Hearing His Voice
I heard my real father’s voice for the first time during a dinner at the IAHA Annual Arabian Horse Art Auction held in February 1985, in Scottsdale, Arizona.
Mary Lou Wahlberg, announcer, and commentator, interrupted her description of a painting being auctioned by saying, "Stacey Mayer, there is a phone call from home for you in the lobby..." The beautiful lobby in the Saddleback Hotel, of Scottsdale. I was far away from Seattle; what had happened?
My heart stopped. I was carrying Frannie, who would be born that July. I protectively wrapped my arms across my belly and as my friends spoke kind, supporting things to me. Shaken, I walked out to the phones. My husband was on hold; "All is well; it's OK; your father would like to talk to you, that's all."
"What?" My Dad, the only one I knew, had drowned in 1973. Searchers had been unable to find his body or my sister's body either. Phil was trying to carefully say, "real father" but I kept hearing, "Dad". My Dad was lost; what was Phil saying?
"Your real father called the house; I talked to him; Stanley Friend, your real Dad, he's going to be calling you at this number. Just hold on a few minutes, he wants to talk to you."
Dad; father; my genesis; an imagined dream from my childhood. I'd never even seen a picture of him. I knew he was the source of my reddish hair; for reasons kept secret while I was growing up, that's all I knew.
Since I wasn't given details, I made the rest up. He loved me, and he'd come and rescue me someday. We'd travel together to Garden Island, floating in the mist in the middle of Ozette Lake. We would be happy there.
The lobby phone rang again. My baby leaped. "Hello?"
"Hello; this is Stanley Friend; they tell me you think I'm your father."
What could I say? I knew he was my father, but how could I convince him, and pull him to my heart; right now? I didn't have any details! I only had; what?
"Well, my mother always told me you were my father. I know it is the truth."
Pause; what was he thinking?
"What else did your mother tell you about me?"
"She told me you had curly red hair. My first daughter, Shannon, has curly red hair. My Aunt Jackie held Shannon in her arms after she was born, and said, “all those years we didn't believe your mother..."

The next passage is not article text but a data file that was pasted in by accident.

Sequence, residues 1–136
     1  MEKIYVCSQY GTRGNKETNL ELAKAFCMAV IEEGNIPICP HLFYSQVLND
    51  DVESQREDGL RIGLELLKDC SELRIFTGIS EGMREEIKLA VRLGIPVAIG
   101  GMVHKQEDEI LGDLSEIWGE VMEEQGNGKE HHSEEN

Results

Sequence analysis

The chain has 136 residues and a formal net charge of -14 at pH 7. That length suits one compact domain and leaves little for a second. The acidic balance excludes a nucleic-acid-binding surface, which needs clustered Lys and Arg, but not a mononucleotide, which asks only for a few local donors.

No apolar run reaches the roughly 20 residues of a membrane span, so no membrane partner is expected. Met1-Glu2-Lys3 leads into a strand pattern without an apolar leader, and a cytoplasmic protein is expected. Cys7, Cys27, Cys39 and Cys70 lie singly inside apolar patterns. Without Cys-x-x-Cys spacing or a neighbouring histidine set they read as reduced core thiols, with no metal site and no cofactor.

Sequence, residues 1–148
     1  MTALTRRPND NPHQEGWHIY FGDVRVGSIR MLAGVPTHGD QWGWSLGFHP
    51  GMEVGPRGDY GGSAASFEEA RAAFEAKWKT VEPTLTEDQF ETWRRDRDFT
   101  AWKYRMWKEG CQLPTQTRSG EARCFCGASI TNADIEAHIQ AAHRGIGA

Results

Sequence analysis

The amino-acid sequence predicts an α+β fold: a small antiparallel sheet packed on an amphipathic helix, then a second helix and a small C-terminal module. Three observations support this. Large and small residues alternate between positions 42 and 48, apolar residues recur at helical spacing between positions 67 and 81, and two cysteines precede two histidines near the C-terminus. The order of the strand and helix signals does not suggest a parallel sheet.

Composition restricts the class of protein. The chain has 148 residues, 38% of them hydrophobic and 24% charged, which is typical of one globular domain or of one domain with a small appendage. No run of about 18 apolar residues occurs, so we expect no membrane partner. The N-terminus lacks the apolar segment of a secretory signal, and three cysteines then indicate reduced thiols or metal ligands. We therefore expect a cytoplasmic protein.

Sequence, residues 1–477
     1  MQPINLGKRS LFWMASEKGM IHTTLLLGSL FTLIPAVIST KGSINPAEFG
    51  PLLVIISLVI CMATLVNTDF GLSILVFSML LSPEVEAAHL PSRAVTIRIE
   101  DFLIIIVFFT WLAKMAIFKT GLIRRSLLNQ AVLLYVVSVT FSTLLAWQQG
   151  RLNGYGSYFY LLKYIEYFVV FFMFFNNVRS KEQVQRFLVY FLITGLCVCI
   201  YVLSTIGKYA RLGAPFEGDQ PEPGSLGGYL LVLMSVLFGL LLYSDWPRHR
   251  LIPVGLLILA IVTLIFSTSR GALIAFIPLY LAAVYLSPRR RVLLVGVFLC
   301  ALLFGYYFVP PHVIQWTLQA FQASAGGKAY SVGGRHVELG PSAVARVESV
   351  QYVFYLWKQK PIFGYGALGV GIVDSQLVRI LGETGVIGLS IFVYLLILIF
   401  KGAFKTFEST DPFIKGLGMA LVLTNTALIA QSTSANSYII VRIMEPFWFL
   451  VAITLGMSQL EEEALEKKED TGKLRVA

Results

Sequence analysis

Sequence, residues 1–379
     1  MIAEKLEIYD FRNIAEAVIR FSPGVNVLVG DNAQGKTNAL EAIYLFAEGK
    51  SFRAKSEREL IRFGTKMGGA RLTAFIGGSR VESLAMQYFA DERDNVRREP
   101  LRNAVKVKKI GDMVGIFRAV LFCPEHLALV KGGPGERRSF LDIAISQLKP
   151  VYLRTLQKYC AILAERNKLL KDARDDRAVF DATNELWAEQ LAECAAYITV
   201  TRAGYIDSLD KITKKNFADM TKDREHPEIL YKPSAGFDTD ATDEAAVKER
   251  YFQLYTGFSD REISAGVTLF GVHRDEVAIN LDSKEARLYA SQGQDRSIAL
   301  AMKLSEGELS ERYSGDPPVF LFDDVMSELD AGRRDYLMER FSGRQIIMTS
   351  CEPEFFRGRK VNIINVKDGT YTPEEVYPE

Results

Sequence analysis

I continued, "My mother never said anything bad about you; she just said you were young."
I heard breathing. "Well," he said very slowly, "that would be your Mother's way."
I waited, my heart overflowing with things I wanted to say.
"You know, I've carried this picture of you in my wallet. I always wanted a daughter..." He was sniffing back tears.
Acknowledgment! My heart was exploding. Little baby Frannie, still so small inside me, kicked my ribs with all her might.
As my real father reached out to me through of lifetime of misunderstandings and impossibilities, we became father and daughter.
When I returned to the art auction, I told Edwin Bogucki, Judith Forbis, Debbie Lermond, and several others who had been quite concerned, a truly fantastic tale - my father had just found me.
Later that year, Stanley held little Frannie in his arms. He was silently crying. Her sisters, Cassandra and Shannon, sitting beside him, clutched his arms, and looked together at the small baby. I have a picture of the moment.
Francesca Julie; was born with a button nose and curly red hair.
Who is my Dad? The dad of my childhood memories is Robert Rank, but the grandfather of my children is Stanley Friend.
Family genealogy update;
Ancestry.com's DNA continues to connect us with the growing Friend family. Sadly, my father passed away just a few years after we met. We enjoy connecting with new family members and introducing them to Stanley's red-headed great-grandson, Benjamin.